There was plenty to see across the board, so here’s what jumped out at me.
Mighty Mo: A fight that Peter Graham completely gave away in the third round, the resurgence of Mighty Mo continues in the Bellator cage. I’m not going to shower Mo with praise, as he’s realistically just hanging on at this point, but I wanted to point something out to fans of combat athletics. What we’re seeing in Mo is the end of a durable power hitter’s career. Mo brings an old man’s strength and still has the sizzling punches from decades of practice, but his footwork, reaction speed and mobility are largely gone at this point.
This is something we don’t typically see in MMA, as the young guns will chew these deteriorating fighters to bits, but we do see this frequently in boxing. The power is the last thing to go and the muscles remember how to fire those strikes, but all other facilities dull over time. Appreciate Mighty Mo for a long as we have him, because fighters with his style never last to this age and remain even remotely successful.
Eduardo Dantas: A fun fighter, we saw the good and bad out of the young but lethal Dantas tonight. Leone did exactly what he needed to if he hoped to win this fight; charging Dantas down and attacking at all levels to set up the takedown. This worked well in the first round, and Dantas showed again that he has a real weakness for American wrestling that could prove to be an issue against the wrong guy. As well as Leone did in the early goings however, Dantas was far from out of the fight and seized a prime opportunity during a transition. The backwards hop into a full RNC was something to behold in terms of its simplicity and immediate fight-ending functionality. With that, he showed us something new, yet leaves the question: Will these tricks be enough to retain the belt when his flaws remain the same?
Darrick Minner: A brutally efficient fighter tearing up the small time cage, Darrick Minner ran an offensive clinic in the opening bout of RFA. Constant pressure, smooth transitions from striking to takedowns, and a submission game that won’t quit, Minner put a slew of obstacles in his opponent’s way. What I like about Minner is that he takes chances, yet always has a back-up plan, which never lets his opponent get any traction of their own while pushed to the defensive. It’s a very catch-as-catch-can mentality that was very much lost in the transition to BJJ, yet Minner chains these attacks well. The question will be if he can keep up this pace and hook fights as his opposition’s skill level increases.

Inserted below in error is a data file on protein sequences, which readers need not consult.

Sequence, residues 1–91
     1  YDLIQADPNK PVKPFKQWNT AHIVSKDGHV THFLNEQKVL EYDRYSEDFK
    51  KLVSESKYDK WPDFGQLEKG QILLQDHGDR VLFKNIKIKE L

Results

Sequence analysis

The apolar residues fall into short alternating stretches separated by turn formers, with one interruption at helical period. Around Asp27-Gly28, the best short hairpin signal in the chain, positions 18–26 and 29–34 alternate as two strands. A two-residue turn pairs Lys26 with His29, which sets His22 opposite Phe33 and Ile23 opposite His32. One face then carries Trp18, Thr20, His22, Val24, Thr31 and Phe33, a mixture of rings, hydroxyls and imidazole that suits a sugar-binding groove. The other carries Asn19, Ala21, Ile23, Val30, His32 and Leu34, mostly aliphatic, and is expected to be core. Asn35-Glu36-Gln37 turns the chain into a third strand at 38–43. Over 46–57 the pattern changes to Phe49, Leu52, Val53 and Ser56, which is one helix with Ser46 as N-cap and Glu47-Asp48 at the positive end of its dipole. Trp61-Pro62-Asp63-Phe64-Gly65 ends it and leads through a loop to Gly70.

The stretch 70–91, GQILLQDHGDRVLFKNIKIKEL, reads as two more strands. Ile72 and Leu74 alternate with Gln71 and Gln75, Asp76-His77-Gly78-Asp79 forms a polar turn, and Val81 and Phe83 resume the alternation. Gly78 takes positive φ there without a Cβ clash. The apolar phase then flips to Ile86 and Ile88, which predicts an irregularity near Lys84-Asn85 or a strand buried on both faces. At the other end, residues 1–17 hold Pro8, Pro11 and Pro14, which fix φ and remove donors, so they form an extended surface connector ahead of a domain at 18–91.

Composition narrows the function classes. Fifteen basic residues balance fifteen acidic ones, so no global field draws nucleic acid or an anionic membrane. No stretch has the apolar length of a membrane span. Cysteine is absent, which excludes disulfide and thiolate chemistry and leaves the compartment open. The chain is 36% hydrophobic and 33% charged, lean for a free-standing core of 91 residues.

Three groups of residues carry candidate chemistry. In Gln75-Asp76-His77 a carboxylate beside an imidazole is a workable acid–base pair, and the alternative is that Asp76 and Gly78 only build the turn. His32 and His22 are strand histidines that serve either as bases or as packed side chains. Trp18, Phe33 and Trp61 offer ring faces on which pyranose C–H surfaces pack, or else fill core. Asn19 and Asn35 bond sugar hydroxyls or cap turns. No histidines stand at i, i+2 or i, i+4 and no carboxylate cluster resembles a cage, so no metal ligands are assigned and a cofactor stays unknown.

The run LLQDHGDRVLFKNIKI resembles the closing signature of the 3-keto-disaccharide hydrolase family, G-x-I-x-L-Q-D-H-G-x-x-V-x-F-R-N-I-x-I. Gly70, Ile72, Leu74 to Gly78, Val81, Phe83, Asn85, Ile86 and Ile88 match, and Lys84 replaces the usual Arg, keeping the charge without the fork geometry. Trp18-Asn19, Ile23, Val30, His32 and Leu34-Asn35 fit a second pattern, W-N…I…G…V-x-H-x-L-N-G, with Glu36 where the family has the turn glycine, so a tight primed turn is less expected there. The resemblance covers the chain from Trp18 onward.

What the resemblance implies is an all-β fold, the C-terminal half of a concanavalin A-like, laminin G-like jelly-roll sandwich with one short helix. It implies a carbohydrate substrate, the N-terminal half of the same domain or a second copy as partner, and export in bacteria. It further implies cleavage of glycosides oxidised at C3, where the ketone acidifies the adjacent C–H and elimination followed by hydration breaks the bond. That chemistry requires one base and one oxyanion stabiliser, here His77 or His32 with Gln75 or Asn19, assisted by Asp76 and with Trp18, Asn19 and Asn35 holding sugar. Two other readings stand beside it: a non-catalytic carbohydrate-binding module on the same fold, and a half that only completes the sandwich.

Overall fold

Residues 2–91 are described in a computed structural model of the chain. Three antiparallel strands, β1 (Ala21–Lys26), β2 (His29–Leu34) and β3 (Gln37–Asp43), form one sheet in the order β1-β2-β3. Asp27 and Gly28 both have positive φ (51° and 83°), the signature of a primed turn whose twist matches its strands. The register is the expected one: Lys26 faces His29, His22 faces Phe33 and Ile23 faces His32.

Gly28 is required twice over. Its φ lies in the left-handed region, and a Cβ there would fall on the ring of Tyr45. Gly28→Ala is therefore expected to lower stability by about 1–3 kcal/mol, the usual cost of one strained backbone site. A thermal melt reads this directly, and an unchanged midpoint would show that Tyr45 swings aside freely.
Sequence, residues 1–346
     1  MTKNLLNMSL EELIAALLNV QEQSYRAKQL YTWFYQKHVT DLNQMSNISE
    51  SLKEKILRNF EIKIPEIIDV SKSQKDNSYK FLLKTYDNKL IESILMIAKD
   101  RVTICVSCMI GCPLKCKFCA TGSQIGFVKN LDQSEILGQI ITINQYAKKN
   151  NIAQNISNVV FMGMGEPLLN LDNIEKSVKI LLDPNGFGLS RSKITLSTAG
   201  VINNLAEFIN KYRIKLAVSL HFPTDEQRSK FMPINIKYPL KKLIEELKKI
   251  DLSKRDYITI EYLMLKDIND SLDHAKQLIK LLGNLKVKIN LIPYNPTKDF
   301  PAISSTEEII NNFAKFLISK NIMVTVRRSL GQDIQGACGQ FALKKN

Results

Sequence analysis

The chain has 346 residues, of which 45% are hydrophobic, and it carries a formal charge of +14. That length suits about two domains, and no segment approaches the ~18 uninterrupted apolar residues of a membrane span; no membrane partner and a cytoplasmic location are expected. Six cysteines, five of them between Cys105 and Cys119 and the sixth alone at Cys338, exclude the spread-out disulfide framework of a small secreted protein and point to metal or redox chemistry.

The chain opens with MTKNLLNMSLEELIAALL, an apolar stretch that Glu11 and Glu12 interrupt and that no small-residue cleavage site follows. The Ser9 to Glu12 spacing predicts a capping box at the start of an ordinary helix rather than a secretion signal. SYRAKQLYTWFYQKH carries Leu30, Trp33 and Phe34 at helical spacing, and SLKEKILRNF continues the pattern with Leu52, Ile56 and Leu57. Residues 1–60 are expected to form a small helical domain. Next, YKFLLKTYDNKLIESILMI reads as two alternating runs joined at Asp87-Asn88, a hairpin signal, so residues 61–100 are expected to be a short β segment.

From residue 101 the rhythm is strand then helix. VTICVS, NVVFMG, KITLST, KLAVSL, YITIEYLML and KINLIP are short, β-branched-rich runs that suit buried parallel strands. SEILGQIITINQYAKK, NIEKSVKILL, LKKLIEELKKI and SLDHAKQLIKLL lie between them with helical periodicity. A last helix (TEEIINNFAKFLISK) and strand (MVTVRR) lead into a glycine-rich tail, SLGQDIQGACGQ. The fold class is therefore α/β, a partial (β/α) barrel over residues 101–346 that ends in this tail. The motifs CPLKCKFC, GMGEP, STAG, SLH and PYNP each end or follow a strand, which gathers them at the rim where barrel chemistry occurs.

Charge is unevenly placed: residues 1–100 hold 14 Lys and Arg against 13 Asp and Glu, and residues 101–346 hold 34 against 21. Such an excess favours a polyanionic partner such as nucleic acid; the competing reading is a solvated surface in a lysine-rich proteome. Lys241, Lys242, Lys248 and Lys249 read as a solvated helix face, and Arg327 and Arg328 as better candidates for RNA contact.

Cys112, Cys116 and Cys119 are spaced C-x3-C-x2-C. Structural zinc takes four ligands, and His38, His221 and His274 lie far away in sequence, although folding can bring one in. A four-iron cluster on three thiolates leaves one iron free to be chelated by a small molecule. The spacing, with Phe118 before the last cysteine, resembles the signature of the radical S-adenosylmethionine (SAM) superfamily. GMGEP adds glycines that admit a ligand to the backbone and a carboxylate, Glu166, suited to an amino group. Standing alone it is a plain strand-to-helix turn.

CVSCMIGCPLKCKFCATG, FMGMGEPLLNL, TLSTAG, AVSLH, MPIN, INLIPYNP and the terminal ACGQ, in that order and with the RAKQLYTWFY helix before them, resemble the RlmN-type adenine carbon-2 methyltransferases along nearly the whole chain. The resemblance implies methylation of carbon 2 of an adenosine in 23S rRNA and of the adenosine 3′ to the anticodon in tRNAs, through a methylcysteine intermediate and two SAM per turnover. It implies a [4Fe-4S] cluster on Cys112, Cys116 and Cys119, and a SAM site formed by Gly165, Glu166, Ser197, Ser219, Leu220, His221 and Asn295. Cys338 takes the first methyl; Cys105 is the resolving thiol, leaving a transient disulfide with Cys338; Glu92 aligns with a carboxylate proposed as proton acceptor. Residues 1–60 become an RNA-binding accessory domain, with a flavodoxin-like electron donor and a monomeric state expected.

Andrew Sanchez: A prospect on my radar after his last two fights, Sanchez made easy work of a gritty fighter in Miles Marshall. Sanchez is a special fighter, having incredible power in his ground and pound that resonates into the very floor of the cage. You don’t hear a drilling like that outside the heavyweight division, yet Sanchez is pulling off pure murder in those strikes at Middleweight. Between his relentless and functional takedown game, sticky top position and this punishing ground and pound, we could well see a title and a contract to the UFC in his near future.
Dakota Cochrane: A fighter who live and dies by the sword, Cochrane put on an outstanding performance against Efrain Escudero that saw him fight for his life more than once during the bout. Cochrane will never be better than a gate-keeper due to his reckless style, yet he’ll always be fun to watch due to that unpredictability. With the winner of this fight rumored to be headed to the UFC, we could well see Cochrane clean out the bottom of the division, though his defensive flaws will never allow him to rise higher. Even still, his ferocious grappling, unique lunging punch style and pure grit will see him cash a few nice bonuses if he makes it to the Octagon.